3) Documentation and tutorials:  Both C# and Java have lots of these.  Java probably has more because it is older and is a common teaching language.  The downside is that if you google "How to do X in Java" you often end up with three different answers, two of which are deprecated by newer features in later versions of Java.  C# is somewhat less crufty from this perspective but with the number of .NET versions, LINQ, XAML, win forms, etc you end up with some of the same issues."

 

 

 

Interesting, so after the replies from this and a few other threads, it seems like C# could be a good choice. What are my best bets for coding/ learning C# on Mac? Mono, and Cocoa? 

post #5 of 5

If you aren't coding specifically for Windows don't bother with C#.  Mono is a poor stepchild compared to the Windows managed runtimes.  Anything anyone says about Obj-C being a single platform language is for all practical purposes the same with C# despite the touting of open source smoke and mirrors.

 

Java isn't going away, but it's not the promised write once run anywhere language either.  It's the only game in town if you want to write for Android devices.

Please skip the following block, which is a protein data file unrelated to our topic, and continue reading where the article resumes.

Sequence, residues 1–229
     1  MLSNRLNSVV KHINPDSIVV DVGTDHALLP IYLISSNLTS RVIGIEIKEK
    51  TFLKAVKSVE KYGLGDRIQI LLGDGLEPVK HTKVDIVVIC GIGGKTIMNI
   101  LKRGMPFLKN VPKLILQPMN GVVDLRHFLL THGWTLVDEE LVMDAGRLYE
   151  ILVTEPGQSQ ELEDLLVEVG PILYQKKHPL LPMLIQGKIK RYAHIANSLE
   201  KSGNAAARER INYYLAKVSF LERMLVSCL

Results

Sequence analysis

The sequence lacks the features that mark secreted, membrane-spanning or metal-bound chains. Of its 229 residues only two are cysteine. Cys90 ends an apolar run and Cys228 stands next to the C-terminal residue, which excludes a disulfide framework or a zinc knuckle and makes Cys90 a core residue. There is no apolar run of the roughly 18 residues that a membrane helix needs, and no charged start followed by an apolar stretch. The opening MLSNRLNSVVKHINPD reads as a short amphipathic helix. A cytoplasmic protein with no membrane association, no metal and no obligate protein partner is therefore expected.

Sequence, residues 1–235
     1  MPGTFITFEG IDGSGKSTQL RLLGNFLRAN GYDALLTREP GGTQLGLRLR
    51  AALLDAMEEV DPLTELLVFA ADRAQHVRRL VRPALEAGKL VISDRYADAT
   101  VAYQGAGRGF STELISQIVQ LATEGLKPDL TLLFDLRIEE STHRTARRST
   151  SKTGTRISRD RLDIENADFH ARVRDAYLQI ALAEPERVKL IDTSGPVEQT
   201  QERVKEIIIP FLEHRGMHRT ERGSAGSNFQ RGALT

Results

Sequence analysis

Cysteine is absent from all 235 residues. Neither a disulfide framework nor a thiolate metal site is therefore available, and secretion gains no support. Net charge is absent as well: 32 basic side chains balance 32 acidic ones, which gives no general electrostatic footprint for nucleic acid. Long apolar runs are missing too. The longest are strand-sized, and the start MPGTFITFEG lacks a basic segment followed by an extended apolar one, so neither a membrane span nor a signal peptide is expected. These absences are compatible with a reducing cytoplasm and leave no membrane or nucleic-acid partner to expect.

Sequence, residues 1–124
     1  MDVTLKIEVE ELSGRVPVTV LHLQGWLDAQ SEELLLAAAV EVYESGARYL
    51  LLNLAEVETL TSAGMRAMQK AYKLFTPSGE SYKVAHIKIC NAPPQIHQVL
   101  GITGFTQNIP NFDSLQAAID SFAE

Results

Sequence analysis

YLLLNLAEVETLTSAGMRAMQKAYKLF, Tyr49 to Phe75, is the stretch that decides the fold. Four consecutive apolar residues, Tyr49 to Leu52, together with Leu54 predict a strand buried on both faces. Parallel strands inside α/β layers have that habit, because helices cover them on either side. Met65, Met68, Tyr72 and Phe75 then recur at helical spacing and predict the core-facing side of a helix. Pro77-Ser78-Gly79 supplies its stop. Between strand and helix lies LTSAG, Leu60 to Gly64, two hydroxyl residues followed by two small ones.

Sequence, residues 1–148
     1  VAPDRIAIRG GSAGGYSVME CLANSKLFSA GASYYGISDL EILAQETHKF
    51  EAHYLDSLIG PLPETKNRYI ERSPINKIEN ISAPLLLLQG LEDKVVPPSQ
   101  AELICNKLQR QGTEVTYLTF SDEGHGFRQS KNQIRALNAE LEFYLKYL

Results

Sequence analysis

Python is great for learning and small script-like projects.  I refuse to do shell scripts anymore, I just write them in easy to read Python.  But anyone that tells you Python is great for anything that will be coded by more than one or two people is ignoring the issues a fully dynamic language brings to the table.  It's a tradeoff, but one that can give you lots of surprises if a project gets to be more than a couple files or couple people touching it.  So you need to use social discipline to instill the predictability that not so dynamically typed languages have built in.

 

C/C++ are the heavyweight industrial languages.  They can do literally everything if you are willing to pay the cost in development + QA time. If you are smart and leave platform specific code out of what you are writing except in some carefully selected files that have the purpose of being Windows/Linux/MacOS specific you are relatively cross platform, or at least as cross platform as you are willing to become when learning the platform specific parts.  LOTS of extra choices are necessary to get it all right.  

 

 

So rather than pick a language first, pick a target platform to play on first.  That will lead you to the right language.   

 

iOS/Mac OS -- go with Obj-C

Windows -- go with C#

Android or server writing -- go with Java

script-ish stuff on Win/Linux/MacOS -- Python

DX games -- C++

OpenGL games --  C++/Obj-C

Platforms like Unity, pick any one of the supported languages